Did you hear about the man in India who was killed by the explosion from a meteorite crashing into the ground on Tuesday? Do you remember hearing that it would be the first confirmed time in human history that a meteorite caused a person’s death?
Well, it probably wasn’t a meteorite that caused the explosion.
“Considering that there was no prediction of a meteorite shower, and there was no meteorite shower observed, this certainly is a rare phenomena if it is a meteorite,” Professor G.C. Anupama, the dean of the Indian Institute of Astrophysics, which is responsible for analyzing samples of the suspected meteorite, told the The New York Times in a telephone interview.
NASA also doused the meteorite flames theory, releasing a statement saying the incident was more consistent with a “land-based explosion.” Lindley Johnson, NASA’s planetary defense officer, may have the world’s coolest professional title; he also doubts whether the object was likely a meteorite, telling the New York Times that death by meteorite is just too unlikely to take seriously.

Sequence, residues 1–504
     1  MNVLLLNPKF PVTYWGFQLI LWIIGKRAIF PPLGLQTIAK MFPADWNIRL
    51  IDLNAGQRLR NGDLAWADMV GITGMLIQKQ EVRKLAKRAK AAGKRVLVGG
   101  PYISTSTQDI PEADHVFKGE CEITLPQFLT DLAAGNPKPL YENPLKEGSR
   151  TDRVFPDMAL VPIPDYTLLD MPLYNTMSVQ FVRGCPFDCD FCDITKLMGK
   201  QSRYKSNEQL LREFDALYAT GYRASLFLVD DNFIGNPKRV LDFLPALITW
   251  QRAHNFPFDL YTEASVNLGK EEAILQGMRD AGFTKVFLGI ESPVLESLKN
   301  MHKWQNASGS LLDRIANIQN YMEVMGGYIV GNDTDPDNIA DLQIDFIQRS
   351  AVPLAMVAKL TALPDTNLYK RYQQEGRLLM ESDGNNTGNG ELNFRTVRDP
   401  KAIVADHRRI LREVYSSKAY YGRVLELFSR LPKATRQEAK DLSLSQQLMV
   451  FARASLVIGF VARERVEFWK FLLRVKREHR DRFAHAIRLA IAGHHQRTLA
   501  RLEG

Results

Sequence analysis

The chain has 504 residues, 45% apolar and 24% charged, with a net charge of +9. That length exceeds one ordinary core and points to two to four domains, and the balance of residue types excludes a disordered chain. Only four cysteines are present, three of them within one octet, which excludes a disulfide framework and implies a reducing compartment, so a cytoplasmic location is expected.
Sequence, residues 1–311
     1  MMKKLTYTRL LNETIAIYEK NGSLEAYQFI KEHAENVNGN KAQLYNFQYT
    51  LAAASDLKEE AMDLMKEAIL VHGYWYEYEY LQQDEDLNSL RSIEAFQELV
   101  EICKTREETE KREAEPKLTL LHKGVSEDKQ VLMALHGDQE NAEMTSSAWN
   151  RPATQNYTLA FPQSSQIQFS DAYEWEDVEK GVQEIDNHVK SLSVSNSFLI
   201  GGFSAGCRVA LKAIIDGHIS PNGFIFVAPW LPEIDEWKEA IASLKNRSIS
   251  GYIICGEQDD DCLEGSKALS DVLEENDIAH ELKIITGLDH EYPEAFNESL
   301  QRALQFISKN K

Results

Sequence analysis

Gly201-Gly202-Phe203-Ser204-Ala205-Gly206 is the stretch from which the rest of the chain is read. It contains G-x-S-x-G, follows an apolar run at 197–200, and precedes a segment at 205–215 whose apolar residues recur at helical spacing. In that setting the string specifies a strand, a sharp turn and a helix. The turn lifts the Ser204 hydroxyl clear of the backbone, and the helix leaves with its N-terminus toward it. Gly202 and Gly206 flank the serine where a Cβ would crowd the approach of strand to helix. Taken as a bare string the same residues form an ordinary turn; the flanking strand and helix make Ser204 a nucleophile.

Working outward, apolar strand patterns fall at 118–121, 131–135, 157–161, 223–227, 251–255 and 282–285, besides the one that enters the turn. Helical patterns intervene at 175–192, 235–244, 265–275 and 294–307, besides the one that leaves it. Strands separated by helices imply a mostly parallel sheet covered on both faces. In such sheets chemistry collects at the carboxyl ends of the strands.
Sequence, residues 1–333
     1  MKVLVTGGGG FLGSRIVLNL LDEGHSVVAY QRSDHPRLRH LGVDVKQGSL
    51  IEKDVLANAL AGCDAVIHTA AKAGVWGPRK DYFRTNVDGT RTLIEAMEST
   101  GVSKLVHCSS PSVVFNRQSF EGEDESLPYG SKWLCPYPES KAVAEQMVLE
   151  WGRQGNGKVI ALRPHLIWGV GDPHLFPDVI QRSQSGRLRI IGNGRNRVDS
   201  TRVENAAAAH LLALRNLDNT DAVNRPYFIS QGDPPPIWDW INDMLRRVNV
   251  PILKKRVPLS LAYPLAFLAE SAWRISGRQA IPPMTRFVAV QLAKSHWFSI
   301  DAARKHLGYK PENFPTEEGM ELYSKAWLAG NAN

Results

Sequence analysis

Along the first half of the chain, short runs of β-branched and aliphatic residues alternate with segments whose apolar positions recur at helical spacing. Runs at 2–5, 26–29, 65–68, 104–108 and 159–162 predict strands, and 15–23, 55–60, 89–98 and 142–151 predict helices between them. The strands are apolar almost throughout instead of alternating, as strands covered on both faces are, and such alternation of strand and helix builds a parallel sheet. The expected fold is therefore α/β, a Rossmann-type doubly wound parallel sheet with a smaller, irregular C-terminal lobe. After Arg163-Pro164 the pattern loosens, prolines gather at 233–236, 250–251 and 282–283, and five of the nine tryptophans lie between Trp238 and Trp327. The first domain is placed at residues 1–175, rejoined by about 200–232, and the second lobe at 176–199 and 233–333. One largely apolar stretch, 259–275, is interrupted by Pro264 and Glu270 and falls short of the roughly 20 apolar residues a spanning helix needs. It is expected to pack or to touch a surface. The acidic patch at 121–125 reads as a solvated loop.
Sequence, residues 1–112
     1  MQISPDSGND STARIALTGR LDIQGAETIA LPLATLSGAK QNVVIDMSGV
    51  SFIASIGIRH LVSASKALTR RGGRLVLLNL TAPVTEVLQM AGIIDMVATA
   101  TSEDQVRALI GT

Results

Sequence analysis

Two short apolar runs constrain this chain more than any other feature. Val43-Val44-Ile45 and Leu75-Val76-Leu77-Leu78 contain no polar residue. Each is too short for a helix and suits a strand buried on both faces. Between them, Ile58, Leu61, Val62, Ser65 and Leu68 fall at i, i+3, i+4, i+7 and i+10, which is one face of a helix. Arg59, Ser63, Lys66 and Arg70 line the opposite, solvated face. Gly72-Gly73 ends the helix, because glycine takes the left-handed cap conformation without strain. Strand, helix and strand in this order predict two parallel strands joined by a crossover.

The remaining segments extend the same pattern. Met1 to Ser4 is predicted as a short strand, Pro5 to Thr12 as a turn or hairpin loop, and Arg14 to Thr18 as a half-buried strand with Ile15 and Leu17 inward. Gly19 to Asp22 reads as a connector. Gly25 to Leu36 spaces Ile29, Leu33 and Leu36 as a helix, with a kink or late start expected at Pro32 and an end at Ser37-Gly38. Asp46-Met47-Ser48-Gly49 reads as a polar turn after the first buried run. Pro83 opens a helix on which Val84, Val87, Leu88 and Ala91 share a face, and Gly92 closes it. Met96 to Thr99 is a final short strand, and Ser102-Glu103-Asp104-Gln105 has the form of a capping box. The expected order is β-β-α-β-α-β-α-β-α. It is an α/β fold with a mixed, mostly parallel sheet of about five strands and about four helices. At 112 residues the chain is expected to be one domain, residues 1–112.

Kamaraj, the deceased, was felled by an apparent explosion on the campus of Bharathidasan Engineering College in Vellore. Investigators reported finding only a small blue rock in a crater 5 feet deep and 2 feet wide, with no trace of man-made explosives. Tamil Nadu’s chief minister released a statement, declaring that “a meteorite fell within the college premises.”
Said Johnson, the NASA official: “There have been reports of injuries, but even those were extremely rare before the Chelyabinsk event three years ago.” A meteorite lit up the skies over Chelyabinsk, Russia back in 2013 — that’s a chunk of it at the top of this story — causing more than 1,200 injuries (no deaths) mostly as it blew out windows during its fall.
The other possible meteorite death on record happened in 1825, also in India; the role of any space debris was unconfirmed. So rest tight. Your odds of getting hit by a meteorite remain 20,000,000,000,000 to 1. Or, to coin a term, astronomically small.
Planetary defense has become a more pressing issue on many people’s minds since the Chelyabinsk meteor, which exploded with 20 to 30 times the force of the atomic bomb dropped on Hiroshima, Japan in 1945. Luckily, our atmosphere took the hit for us, but it certainly struck a chord with many fearful Earthlings.
Since then, NASA has announced greater efforts to monitor near-Earth objects (NEOs). Earlier this week, the agency announced that the James Webb Space Telescope, the most powerful space telescope ever, will be able to track up to 75 percent of NEOs as well as almost all objects that are beyond Mars. It launches in 2018.
So Kamaraj’s death remains a mystery. We just know it’s a case for CSI, not NASA.